Rationale: Omega-3 polyunsaturated fatty acids (n-3 PUFAs) have anti-inflammatory properties that could benefit adults with comprised pulmonary health. Objective: To investigate n-3 PUFA associations with spirometric measures of pulmonary function tests (PFTs) and determine underlying genetic susceptibility. Methods: Associations of n-3 PUFA biomarkers (a-linolenic acid, eicosapentaenoic acid, docosapentaenoic acid [DPA], and docosahexaenoic acid [DHA]) were evaluated with PFTs (FEV 1 , FVC, and FEV 1 /FVC) in meta-analyses across seven cohorts from the Cohorts for Heart and Aging Research in Genomic Epidemiology Consortium (N = 16,134 of European or African ancestry). PFT-associated n-3 PUFAs were carried forward to genome-wide interaction analyses in the four largest cohorts (N = 11,962) and replicated in one cohort (N = 1,687). Cohort-specific results were combined using joint 2 degree-of-freedom (2df) meta-analyses of SNP associations and their interactions with n-3 PUFAs Results: DPA and DHA were positively associated with FEV 1 and FVC (P, 0.025), with evidence for effect modification by smoking and by sex. Genome-wide analyses identified a novel association of rs11693320—an intronic DPP10 SNP—with FVC when incorporating an interaction with DHA, and the finding was replicated (P 2df = 9.4 3 10 29 across discovery and replication cohorts). The rs11693320-A allele (frequency, z80%) was associated with lower FVC (P SNP = 2.1 3 10 29 ; b SNP = 2161.0 ml), and the association was attenuated by higher DHA levels (P SNP 3DHA interaction = 2.1 3 10 27 ; b SNP 3DHA interaction = 36.2 ml). Conclusions: We corroborated beneficial effects of n-3 PUFAs on pulmonary function. By modeling genome-wide n-3 PUFA interactions, we identified a novel DPP10 SNP association with FVC that was not detectable in much larger studies ignoring this interaction.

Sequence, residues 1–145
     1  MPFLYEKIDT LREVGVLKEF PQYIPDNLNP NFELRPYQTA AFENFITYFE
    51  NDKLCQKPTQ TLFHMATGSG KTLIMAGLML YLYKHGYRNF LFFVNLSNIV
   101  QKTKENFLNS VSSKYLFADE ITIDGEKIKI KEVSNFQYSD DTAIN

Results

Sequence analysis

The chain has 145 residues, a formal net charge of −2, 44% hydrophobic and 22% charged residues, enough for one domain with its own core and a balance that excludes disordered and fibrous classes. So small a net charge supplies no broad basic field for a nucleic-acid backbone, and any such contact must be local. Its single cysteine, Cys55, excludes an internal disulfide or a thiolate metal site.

|Original language||English (US)|
|Number of pages||12|
|Journal||American journal of respiratory and critical care medicine|
|State||Published - Mar 1 2019|
Bibliographical noteFunding Information:
This CHS (Cardiovascular Health Study) research was supported by NHLBI contracts HHSN268201800001C, HHSN268201200036C, HHSN268200800007C, HHSN268200960009C, N01HC55222, N01HC85079, N01HC85080, N01HC85081, N01HC85082, N01HC85083, and N01HC85086; and by NHLBI grants U01HL080295, R01HL085251, R01HL087652, R01HL105756, R01HL103612, R01HL120393, and R01HL130114, with additional contribution from the National Institute of Neurological Disorders and Stroke. Additional support was provided through grant R01AG023629 from NIA. A full list of principal CHS investigators and institutions can be found at CHS-NHLBI.org. The content is solely the responsibility of the authors and does not necessarily represent the official views of the NIH. The provision of genotyping data was supported in part by the National Center for Advancing Translational Sciences, CTSI grant UL1TR001881, and the National Institute of Diabetes and Digestive and Kidney Disease Diabetes Research Center (DRC) grant DK063491 to the Southern California Diabetes Endocrinology Research Center. Omega-3 fatty acid measurements were made possible by NHLBI (grant R01HL085710).
This work in the Framingham Heart Study was supported by NHLBI’s Framingham Heart Study contracts N01HC25195 and HHSN268201500001I.
of this work was supported by a Research Foundation–Flanders (FWO) grant G035014N.